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How high is the ceiling for the Gophers’ defense?

There are three words to describe Minnesota’s defense during Saturday night’s 48-14 win over Oregon State — fast, physical, and disciplined. Whether it was linebacker Jonathan Celestin blowing up plays in the backfield or defensive back Antoine Winfield Jr. making a tough tackle in space, the Gophers displayed a glimpse of their true potential on defense.

Early in the season, much of the talk surrounding the Gopher football team has been focused on the emergence of quarterback Conor Rhoda and the offense. However, an underrated aspect of Minnesota’s team through the first two games has been their defense. Fans are accustomed to quality defense as the Gophers have finished 21st and 24th in total defense over the past two seasons. The unit has continually improved every season and is showing positive momentum under the new regime.

Through two games, the team’s ability to get off the field on third down has been a pleasant surprise. Teams are converting on third down at a 28.5% clip against the Gophers. Minnesota held their opponents below a 30% third down conversion rate just twice per season over each of the past three years. In addition, the coaching staff has made sound adjustments at halftime, including playing more coverage to counter Oregon State’s quick rhythm passing attack. Yet Smith still brought pressure on notable pass rushing downs to cause disruptions. It helped the Gophers create pressure in the second half, holding Oregon State to just 35 yards over the final 30 minutes. They tallied three sacks and took advantage of more 1-on-1 matchups within their four-man fronts.

More importantly, the defense allowed only three rushing yards in the second half against both Buffalo and Oregon State. The success has been the result of sound gap integrity and physicality at the linebacker position. More importantly, the interior of the defensive line has created mismatches and inside pressure. Teams have schemed to double-team Steven Richardson, but he’s still impacting plays. His skill-set creates 1-on-1 matchups for his fellow defensive lineman. His interior pressure sparked one of Minnesota’s three turnovers during Saturday night’s 48-14 win. It set their offense up with a short field and shifted momentum in favor of the Gophers. In 2016, Minnesota finished tied for sixth nationally in takeaways per game. This opportunistic trait will need to continue as the Gophers move forward into Big Ten play.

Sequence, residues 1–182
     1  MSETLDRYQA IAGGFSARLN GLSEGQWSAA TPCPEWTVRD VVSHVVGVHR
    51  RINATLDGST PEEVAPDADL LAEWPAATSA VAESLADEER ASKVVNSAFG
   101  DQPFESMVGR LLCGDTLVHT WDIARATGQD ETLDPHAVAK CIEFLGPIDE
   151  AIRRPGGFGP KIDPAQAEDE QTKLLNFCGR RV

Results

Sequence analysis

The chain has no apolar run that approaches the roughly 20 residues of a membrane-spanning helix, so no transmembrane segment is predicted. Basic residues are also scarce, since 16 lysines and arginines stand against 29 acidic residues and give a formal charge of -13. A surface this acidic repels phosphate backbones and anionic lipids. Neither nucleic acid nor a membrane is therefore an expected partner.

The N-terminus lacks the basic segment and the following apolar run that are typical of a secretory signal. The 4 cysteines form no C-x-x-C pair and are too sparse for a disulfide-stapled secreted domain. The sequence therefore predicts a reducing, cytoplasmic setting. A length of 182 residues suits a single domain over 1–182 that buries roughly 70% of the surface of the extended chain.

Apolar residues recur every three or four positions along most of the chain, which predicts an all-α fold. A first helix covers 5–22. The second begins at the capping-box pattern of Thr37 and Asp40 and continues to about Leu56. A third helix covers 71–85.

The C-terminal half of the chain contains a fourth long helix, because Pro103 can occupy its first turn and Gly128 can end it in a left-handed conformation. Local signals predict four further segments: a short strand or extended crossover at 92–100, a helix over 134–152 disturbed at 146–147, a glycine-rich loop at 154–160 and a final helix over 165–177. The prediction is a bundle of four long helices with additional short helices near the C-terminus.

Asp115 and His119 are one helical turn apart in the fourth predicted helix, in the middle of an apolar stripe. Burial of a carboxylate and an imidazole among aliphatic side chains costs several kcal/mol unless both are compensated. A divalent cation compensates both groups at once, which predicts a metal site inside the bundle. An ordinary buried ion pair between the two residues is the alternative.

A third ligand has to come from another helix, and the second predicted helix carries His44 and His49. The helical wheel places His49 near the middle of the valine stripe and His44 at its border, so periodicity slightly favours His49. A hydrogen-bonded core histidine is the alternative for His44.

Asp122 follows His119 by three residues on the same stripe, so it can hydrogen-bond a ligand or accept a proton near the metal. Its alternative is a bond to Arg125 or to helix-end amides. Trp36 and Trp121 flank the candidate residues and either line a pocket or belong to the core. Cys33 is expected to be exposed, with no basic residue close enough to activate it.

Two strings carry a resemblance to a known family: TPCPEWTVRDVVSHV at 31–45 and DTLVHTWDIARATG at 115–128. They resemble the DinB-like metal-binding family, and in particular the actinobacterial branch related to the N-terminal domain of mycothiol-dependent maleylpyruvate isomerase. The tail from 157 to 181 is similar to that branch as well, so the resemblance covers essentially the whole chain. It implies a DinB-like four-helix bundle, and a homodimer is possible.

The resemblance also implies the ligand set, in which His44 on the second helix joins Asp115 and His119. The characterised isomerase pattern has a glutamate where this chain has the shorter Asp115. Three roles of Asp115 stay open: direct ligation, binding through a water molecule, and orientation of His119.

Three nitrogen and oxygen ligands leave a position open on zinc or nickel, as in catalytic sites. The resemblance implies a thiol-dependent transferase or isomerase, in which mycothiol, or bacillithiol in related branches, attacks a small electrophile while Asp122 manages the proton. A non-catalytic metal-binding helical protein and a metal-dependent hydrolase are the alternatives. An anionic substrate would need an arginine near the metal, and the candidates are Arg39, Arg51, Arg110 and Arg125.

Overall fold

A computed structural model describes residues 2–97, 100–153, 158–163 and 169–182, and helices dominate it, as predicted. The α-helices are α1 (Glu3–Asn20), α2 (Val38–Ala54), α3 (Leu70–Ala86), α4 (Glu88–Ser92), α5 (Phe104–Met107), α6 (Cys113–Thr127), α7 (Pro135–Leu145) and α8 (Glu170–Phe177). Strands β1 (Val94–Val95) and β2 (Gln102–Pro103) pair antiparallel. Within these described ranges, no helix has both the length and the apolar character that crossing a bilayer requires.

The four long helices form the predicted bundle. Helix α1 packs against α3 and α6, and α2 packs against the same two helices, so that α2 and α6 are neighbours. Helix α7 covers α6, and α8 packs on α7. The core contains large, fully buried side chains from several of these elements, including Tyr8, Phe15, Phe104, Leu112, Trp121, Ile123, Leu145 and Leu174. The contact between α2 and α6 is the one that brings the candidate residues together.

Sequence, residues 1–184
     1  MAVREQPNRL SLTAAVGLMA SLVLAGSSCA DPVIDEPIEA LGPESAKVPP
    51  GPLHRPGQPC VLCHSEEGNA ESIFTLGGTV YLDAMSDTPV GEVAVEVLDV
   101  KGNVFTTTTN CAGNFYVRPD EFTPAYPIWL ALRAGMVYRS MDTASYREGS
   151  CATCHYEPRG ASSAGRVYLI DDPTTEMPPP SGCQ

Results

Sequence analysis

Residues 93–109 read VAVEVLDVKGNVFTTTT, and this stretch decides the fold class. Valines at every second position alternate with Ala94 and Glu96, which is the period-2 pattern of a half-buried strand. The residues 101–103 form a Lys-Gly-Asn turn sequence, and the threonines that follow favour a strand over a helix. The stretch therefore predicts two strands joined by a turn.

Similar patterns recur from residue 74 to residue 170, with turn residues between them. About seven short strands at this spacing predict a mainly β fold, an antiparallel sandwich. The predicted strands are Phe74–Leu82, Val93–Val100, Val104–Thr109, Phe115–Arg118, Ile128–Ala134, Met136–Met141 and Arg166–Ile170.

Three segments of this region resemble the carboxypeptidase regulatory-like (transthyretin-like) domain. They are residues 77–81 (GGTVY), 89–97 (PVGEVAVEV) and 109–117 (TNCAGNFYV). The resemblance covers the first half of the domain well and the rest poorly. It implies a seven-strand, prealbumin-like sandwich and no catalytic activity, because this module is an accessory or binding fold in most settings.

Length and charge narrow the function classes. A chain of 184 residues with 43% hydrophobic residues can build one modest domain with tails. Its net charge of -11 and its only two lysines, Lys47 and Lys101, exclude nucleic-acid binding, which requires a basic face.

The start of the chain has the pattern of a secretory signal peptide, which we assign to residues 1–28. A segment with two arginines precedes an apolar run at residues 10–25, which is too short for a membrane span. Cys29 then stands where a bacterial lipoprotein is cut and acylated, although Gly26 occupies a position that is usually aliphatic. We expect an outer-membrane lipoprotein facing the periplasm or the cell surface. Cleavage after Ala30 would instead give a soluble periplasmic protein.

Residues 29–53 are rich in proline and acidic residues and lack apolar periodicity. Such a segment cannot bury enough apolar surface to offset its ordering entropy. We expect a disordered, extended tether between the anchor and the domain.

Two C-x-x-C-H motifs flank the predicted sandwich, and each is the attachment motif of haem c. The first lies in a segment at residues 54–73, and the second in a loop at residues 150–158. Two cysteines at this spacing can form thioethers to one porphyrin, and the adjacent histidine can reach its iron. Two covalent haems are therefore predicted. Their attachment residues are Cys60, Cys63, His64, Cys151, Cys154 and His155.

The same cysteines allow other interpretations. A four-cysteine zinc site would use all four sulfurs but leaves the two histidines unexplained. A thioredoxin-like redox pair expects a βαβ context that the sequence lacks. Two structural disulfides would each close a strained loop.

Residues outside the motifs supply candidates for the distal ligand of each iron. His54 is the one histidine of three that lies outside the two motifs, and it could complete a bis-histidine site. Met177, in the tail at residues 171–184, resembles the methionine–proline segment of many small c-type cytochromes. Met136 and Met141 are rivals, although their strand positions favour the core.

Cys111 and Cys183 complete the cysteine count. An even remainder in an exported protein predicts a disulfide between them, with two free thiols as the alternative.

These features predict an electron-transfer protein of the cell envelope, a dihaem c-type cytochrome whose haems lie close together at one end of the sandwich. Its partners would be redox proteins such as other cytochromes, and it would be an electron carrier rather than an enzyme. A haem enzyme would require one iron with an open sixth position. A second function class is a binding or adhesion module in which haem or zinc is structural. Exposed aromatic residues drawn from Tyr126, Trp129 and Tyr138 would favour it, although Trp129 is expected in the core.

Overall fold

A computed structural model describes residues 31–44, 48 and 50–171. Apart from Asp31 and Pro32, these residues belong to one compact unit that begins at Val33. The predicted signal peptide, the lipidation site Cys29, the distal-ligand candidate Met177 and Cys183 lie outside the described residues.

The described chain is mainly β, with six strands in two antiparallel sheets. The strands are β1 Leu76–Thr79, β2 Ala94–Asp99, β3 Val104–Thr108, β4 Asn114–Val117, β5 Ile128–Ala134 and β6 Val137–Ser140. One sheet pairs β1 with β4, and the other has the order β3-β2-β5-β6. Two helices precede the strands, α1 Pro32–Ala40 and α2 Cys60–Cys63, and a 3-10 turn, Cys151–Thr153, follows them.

Fast and physical defense fuels Gophers’ impressive road win

However, with an above average front-seven, have we really witnessed the full potential of this defense?

The short answer is: probably not.

Defensive coordinator Robb Smith has been shifting his approach throughout games and everyone should expect to see more creativity as the season progresses. In week one, the team ran several stunts and twists up front, including a double-A gap package with linebackers Jonathan Celestin and Thomas Barber “sugaring” the A-gaps. Last year, the Gophers took plenty of concepts from Los Angeles Rams defensive coordinator Wade Phillip’s playbook. They used a glimpse of his one-gap 3-4 concept to try to maximize the potential of the talented front-seven. This year, the approach may closely mirror Minnesota Vikings head coach Mike Zimmer’s. Zimmer loves to bring double-A gap pressure, but drops his linebackers into coverage or spies the quarterback. He also loves to send delayed blitzes and uses stunts/twists up front to create mismatches. The Gophers have the perfect personnel to run a few of these concepts out of their base 4-3 defense or hybrid 3-4 look.

Defensive coordinator Robb Smith can use the athleticism of Kamal Martin, Carter Coughlin, and Blake Cashman at the “R” (edge rushing) spot. He may dial up creative sub-packages to manufacture pressure. If Minnesota can get off to a quick start and force teams into passing downs, Smith should deploy packages to fully take advantage of their talented front-seven. It will help compensate for the inexperience and lack of depth in the secondary.

Despite early concerns, the secondary has surrendered 178 yards per game, which ranks in the top-third of the country. Redshirt freshman cornerback Kiondre Thomas has shown growth with more experience and Antoine Winfield Jr. has been the heartbeat of the unit. Cornerback Antonio Shenault was targeted frequently Saturday night, but managed to prevent big chunk plays. The secondary will continue to evolve with experience, but can ill afford to sustain an injury at cornerback. The Gophers’ front-seven will continue to aid the secondary if they can create consistent pressure and takeaways.

Finally, one of the key formulas to P.J. Fleck’s past success has been his squad’s ability to win the turnover battle. In 2016, Western Michigan posted a +1.4 turnover margin per game, which ranked first in the country. Through two games, Minnesota has a +1.0 margin and has committed just two total turnovers. Fleck’s “ball is the program” philosophy has helped Minnesota become more disciplined and efficient on both sides of the ball, at least in the early goings. The defense recovered every loose ball, and aside from a red-zone interception in week one, the offense has prevented catastrophic mistakes. The idea of maximizing possessions and taking care of the football can be a difference-maker in close contests.

Defensive coordinator Robb Smith has made it known he wants to place the best 11 players on the field, which leaves the door open for several of these schematic decisions to occur. Minnesota has been showing improvement on offense, but there’s no doubt their defense will be a strength when they enter Big Ten play.

QB Demry Croft, dealing with personal issues, won’t be with Gophers for Saturday’s game



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